Film Review: The Flash
Director: Andy Muschietti
In Theaters: 06.16
The superhero genre was already wearing thin, and the recent overmilking of the “multiverse” concept gives added tedium. The Flash is DC’s attempt to jump aboard that trend. While for my money it’s not the worst multiverse movie so far, The Flash is still not even the best one to come out this summer.
Central City forensic investigator Barry Allen (Ezra Miller) is working to clear his father Henry’s (Ron Livingston, Office Space) name, who was falsely imprisoned for the murder of Barry’s mother Nora (Maribel Verdú, Pan’s Labyrinth). Barry juggles this with his duties as a member of the Justice League, dropping everything whenever Batman/Bruce Wayne (Ben Affleck) snaps his fingers. When Barry discovers the hyperspeed powers of The Flash can give him the ability to travel back in time, he decides to use this to save both of his parents.
From this excursion, Barry finds that he has hopelessly muddled timelines and realities and is trapped in a reality in which Kryptonian villain General Zod (Michael Shannon) is hell-bent on destroying Earth, and there’s no Superman to stop him. Barry teams up with a slightly younger version of himself from this timeline to find Bruce Wayne and get his help, only to discover that the Bruce of this reality (Michael Keaton) is in his 70s, retired and reluctant to get back into the game. It’s going to take a bit of coaxing and a lot of teamwork to set things right and save the world.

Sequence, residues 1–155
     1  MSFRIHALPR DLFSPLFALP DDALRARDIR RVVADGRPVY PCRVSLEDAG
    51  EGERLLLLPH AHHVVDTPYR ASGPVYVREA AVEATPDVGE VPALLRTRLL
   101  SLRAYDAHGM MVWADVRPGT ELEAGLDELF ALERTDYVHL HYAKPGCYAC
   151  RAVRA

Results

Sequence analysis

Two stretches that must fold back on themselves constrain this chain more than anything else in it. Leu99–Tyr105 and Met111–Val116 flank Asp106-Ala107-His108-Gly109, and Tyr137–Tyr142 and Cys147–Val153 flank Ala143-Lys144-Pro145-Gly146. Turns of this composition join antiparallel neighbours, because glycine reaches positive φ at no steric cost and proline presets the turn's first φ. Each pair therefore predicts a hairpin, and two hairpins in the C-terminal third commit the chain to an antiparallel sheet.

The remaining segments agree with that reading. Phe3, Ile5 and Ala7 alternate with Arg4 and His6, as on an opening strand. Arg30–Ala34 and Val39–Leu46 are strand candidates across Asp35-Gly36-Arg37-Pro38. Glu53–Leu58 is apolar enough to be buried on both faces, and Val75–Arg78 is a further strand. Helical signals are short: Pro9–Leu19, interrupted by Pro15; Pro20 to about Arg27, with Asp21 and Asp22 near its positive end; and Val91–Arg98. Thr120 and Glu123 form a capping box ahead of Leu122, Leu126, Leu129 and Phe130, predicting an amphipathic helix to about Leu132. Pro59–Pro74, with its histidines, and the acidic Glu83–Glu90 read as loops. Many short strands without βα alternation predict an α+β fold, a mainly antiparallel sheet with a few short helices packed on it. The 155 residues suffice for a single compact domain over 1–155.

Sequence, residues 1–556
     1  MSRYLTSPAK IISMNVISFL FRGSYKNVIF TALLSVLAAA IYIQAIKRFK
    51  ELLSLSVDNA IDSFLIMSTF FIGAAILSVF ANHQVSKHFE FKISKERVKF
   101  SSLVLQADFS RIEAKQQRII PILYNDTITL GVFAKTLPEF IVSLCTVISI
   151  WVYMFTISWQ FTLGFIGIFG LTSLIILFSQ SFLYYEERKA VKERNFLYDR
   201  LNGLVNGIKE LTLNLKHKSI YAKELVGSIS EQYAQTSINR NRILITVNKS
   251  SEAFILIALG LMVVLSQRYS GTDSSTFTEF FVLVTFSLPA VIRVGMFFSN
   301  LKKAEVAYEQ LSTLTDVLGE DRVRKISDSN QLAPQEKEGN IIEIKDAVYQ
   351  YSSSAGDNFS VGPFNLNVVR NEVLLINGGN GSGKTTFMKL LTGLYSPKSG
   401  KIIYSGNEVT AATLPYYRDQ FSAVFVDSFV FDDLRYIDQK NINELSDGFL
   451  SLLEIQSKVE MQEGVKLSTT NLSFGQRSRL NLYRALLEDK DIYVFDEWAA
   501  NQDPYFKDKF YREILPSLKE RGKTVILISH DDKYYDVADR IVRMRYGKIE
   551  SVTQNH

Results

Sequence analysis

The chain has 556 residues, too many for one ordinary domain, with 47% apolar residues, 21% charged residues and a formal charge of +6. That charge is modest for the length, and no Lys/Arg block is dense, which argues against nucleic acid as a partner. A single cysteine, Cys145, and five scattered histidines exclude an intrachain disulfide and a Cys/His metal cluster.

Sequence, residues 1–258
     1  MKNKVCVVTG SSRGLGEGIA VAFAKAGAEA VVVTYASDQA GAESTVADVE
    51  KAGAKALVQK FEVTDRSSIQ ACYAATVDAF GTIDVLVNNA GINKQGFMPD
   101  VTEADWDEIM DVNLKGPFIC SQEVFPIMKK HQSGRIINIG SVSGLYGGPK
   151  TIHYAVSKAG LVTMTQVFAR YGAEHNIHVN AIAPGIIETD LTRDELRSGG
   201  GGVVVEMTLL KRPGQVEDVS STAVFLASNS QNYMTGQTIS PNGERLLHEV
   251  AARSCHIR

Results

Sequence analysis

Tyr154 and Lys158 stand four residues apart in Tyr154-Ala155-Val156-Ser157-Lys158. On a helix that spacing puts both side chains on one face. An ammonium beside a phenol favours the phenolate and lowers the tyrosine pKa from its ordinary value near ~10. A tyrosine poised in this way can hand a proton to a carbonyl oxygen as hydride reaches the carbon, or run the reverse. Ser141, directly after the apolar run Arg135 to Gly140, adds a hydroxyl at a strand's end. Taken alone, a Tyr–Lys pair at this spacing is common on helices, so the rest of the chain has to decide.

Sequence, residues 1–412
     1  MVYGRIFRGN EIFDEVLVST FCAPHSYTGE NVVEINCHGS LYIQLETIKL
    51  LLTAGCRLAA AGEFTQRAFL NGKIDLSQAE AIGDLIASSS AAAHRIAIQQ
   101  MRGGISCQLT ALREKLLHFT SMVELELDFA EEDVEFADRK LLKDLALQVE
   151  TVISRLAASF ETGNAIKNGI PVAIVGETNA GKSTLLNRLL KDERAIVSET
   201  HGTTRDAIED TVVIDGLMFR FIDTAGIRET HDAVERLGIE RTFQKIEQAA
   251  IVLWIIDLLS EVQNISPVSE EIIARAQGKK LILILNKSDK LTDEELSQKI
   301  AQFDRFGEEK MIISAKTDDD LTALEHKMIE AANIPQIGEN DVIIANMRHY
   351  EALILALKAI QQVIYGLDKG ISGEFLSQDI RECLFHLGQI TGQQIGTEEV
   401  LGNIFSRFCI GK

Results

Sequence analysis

The chief selling point in The Flash’s advertising has been the long-awaited return of Keaton in the cape and cowl, especially because Miller is so mired in controversy and allegations that it nearly stopped the movie from getting released. Anyone who is geared up to see Keaton’s Batman get his own Top Gun: Maverick moment are setting themselves up for disappointment. While Batman gets some great action and fun moments, the title is still The Flash, and Miller takes center stage all the way.
The action is enjoyable, though most of it is pretty routine at this point, and the movie is mired in convoluted storytelling and self-indulgent, DC fan service, including a sequence that throws so many reverential references at us that it plays like a lengthened pre-movie DC or Marvel Studios logo fanfare tossed into the third act by accident.
The Flash also features some of the worst visual effects in recent memory, and while the overuse of CGI doesn’t inherently stand out these days, the presence of the rubbery-looking humans we saw in 2010’s Tron: Legacy is just embarrassing 13 years later. Director Muschietti (Mama, It) takes a big step away from his horror roots here, and at times it feels like he doesn’t have a firm handle on things.
The cast seems to be having a lot of fun—Miller is having perhaps too much fun. While they are strong as the protagonist Barry, the 18-year-old, comic-relief version of the character is frequently just too hammy and shrill. Keaton and Affleck are both terrific, though Affleck gets even less screen time and amounts to an extended cameo. Sasha Calle as Kara Zor-El, aka Supergirl, rounds out the team and becomes one of the strongest elements of the film. Calle brings a lot of heft to the role, and seeing the character in a real superhero costume instead of a ridiculous miniskirt is enough reason to support this movie.
The Flash is likely to be one of the most polarizing contemporary superhero movies. As someone who grew up on DC, the Justice League and Keaton’s Batman, I had fun with it, though I was making frequent allowances for moments that were overplayed or simply didn’t work. You’ll still want to see The Flash if you’re a DC fan, though you’re fine to walk rather than run. –Patrick Gibbs